Combustion and Flame, Vol.225, 214-227, 2021
Experimental characterization and modeling of boundary conditions and flame spread dynamics observed in the UL-94V test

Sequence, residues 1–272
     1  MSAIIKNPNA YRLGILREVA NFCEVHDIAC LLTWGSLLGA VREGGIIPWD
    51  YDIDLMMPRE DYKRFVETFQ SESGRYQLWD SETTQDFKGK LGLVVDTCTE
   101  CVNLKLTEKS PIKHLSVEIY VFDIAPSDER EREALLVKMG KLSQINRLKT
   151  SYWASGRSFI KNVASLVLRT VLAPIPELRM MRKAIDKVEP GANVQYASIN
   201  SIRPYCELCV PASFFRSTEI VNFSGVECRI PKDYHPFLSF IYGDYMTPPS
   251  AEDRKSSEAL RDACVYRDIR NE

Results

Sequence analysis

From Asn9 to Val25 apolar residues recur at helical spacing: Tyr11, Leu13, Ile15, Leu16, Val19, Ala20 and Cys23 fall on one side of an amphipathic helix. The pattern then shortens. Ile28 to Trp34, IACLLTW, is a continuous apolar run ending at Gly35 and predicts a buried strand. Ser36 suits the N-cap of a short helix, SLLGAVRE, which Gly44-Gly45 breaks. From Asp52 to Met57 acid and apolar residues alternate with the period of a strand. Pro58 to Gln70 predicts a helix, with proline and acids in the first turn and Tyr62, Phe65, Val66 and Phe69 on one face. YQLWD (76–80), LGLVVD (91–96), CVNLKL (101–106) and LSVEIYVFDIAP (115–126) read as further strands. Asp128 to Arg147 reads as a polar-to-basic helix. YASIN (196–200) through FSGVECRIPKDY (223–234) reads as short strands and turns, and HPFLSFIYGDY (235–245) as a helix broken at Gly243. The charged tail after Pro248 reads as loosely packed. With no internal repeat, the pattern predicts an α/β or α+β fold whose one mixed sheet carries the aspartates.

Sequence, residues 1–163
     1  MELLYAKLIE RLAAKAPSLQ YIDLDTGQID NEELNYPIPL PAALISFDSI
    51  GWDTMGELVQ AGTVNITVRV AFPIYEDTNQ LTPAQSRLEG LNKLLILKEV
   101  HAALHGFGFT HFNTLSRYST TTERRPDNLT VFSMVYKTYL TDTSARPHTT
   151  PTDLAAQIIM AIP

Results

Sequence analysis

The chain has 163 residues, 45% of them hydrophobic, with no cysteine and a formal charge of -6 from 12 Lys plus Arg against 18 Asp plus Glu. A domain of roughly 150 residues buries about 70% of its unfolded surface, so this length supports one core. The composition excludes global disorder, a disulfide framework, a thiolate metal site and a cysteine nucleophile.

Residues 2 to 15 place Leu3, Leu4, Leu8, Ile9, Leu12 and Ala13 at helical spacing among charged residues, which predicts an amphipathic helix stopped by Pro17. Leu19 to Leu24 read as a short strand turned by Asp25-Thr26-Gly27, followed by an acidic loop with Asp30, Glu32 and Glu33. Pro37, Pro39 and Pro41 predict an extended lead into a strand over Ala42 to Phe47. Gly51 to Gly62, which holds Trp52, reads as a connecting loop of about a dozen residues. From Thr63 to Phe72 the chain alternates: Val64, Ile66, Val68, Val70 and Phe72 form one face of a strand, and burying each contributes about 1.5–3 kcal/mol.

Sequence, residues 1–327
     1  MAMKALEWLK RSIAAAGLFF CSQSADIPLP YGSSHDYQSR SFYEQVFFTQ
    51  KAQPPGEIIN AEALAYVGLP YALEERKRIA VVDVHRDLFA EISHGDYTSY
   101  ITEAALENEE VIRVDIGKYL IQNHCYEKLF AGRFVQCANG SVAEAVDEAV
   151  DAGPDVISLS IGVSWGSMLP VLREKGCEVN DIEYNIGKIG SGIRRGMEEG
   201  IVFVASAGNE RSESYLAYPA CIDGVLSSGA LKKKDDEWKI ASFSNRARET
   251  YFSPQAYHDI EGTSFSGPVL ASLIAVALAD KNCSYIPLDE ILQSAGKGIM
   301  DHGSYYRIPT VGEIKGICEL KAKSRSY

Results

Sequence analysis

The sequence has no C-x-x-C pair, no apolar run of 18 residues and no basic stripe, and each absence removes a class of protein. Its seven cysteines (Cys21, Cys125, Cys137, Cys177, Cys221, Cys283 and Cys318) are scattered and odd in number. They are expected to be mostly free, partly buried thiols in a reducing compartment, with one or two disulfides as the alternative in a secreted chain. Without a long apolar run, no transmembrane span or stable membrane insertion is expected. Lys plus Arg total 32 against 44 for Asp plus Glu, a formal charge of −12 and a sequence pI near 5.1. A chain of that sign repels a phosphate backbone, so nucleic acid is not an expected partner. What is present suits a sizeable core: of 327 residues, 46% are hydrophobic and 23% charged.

To characterize the UL-94 vertical burning test (UL-94 V), temperature, oxygen content, and heat flux of the burner flame were measured using an R-type thermocouple, oxygen analyzer, and water-cooled Schmidt-Boelter gage, respectively. To account for sample geometry, mock samples from Kaowool PM insulation board were used during the burner measurements. Temperature and heat flux measurements were used to express the heat flux of the burner as a linear, piecewise function of burner flame temperature and a constant convective heat transfer coefficient. UL-94 V tests were conducted using 0.27 cm thick poly(methyl methacrylate) (PMMA) samples with and without insulated sides to investigate edge effects. All UL-94 V tests were recorded on video using a 900-nm narrow-band filter to focus on emissions from soot for tracking flame length over time. In some of these tests, a heat flux gage was embedded into the sample to measure PMMA flame heat flux to verify a previously developed laminar wall flame heat feedback submodel. PMMA flame heat fluxes of insulated samples confirmed the wall flame submodel, while non-insulated samples had significantly greater heat fluxes; the flame submodel was scaled accordingly. The burner and wall flame heat flux submodels were combined with an independently developed pyrolysis model of PMMA to conduct two-dimensional, time-resolved simulations of the UL-94 V test. Burner flame oxygen content was measured to be about 5 vol% and was found to enhance PMMA decomposition. Inclusion of the oxygen effect was essential to predict ignition. The simulation predicted flame length and spread on insulated UL-94 V samples reasonably well, validating the submodels. However, the simulation underpredicted flame length on the non-insulated samples; discrepancies were attributed to burning and spread on the edges which were not modeled explicitly. The developed model can be applied to non-charring polymeric solids with no to moderate amount of dripping. Its applicability for charring and intumescent materials will be explored in the future. (C) 2020 The Combustion Institute. Published by Elsevier Inc. All rights reserved.